At once both funny and horrifying, Daphne's memoir reads like a novel; she is quite graphic with her descriptions, and it is organized with flashbacks and backstory so artfully threaded throughout her narrative that it never bogs down, but feels as immediate and page-turning as any fiction novel, yet it is real. What was done to her is so wrong it raises the hackles of any reader, but also speaks intimately to those teens grappling with questions of sexual identity and preference, and helps them explore themes of rejection, belonging, self-acceptance and above all strength of the spirit.

Daphne Scholinski is an inspiration. 

Genre: Memoir/ Multicultural (GLBTQ) 

Wednesday, February 20, 2013


Avasthi, Swati. Split. New York: Knoft, Division of Random House, 2010. Print.


It was hard enough watching his mother get hit, so Jace learned just how to deflect his father’s blows from her to himself. Until one day when he’d had enough. And in one moment changed everything.


Reading a story about physical abuse could be a real downer, but Swati Avasthi inflects her protagonist, Jace Witherspoon with a such strong YA voice so full of ironic humor and such no-holds-barred honesty we are riveted to the page, rooting for Jace, even when he disappoints us. Even when he disappoints himself.

With certainty, many teens painfully exist under the tyranny of physical abuse at home, and no matter where Swati Avasthi did her research, whether it was from personal experience or a very close friend, her writing bleeds on the page, it was so visceral. If all it did was bleed, that would be a lot to take, but she lifts it up, and takes us on a journey with Jace, both figuratively and literally, as he flees his parents, his life and mostly himself, and tries to make some sense from what has happened to him, what could happen to the mother he left behind unprotected, and whatever did happen to his brother, who split years before.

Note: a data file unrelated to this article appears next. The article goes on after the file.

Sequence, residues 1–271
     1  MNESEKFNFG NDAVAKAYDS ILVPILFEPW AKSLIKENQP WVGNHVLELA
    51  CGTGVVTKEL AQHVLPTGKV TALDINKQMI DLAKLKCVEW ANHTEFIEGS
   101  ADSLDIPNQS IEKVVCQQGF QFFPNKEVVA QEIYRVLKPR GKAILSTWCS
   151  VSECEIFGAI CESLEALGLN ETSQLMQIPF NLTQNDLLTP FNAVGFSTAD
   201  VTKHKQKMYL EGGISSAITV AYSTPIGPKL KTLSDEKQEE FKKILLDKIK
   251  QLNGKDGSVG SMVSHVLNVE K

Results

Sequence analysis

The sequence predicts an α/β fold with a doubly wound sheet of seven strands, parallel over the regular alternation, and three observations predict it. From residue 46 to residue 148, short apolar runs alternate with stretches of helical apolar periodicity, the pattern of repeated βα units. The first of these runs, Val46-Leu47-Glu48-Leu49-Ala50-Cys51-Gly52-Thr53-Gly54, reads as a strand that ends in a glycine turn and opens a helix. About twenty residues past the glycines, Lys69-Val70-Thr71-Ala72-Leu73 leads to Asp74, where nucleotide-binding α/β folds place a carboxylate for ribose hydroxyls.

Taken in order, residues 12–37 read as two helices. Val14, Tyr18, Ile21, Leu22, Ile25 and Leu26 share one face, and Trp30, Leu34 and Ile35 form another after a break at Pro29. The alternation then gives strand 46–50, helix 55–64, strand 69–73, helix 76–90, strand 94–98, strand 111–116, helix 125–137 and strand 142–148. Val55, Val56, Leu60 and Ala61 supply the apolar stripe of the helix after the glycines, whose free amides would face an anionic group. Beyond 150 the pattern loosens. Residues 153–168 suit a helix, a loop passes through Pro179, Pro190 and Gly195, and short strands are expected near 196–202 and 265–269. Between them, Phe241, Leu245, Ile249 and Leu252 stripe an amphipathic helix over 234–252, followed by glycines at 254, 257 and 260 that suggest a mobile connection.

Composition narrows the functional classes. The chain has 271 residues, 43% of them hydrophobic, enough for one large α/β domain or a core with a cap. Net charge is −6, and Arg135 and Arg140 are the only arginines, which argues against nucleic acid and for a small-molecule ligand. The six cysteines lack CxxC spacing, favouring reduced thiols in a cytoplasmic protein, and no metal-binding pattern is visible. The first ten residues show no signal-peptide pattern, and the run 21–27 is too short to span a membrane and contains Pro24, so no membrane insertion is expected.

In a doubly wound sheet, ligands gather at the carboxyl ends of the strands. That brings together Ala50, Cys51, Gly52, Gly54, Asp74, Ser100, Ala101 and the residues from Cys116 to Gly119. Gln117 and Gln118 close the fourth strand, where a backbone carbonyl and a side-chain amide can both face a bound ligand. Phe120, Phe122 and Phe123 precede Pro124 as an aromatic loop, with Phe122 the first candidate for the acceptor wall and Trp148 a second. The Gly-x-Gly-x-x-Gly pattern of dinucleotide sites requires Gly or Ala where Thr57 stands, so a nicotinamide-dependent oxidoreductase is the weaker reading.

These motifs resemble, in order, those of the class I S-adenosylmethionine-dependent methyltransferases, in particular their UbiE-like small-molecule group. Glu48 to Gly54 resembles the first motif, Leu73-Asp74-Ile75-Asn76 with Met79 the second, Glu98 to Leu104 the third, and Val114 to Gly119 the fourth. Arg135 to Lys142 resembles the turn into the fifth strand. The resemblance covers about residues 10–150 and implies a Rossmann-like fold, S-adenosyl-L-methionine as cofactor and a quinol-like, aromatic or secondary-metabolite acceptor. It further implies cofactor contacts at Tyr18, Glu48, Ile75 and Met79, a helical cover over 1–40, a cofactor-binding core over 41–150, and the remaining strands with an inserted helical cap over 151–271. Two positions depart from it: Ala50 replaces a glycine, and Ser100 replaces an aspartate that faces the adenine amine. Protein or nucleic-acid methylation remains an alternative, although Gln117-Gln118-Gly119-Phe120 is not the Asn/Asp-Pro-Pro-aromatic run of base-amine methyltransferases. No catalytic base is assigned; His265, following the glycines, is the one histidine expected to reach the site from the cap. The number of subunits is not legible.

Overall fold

In one scene, Jace sits alone listening to a fight going on in the apartment next door between his brother and his brother’s girlfriend. As it escalates, Jace tensely waits for the sound of blows and crying, as that has been his only experience with disagreements in his life. When those blows don’t come, but instead the sounds of calm resolution and possibly warm embraces, Jace is stunned, wondering how his brother has broken the cycle of ugliness that has claimed them all so fully. He wants to ask him how, but can’t without admitting he was listening, or revealing the very thing he’s running from.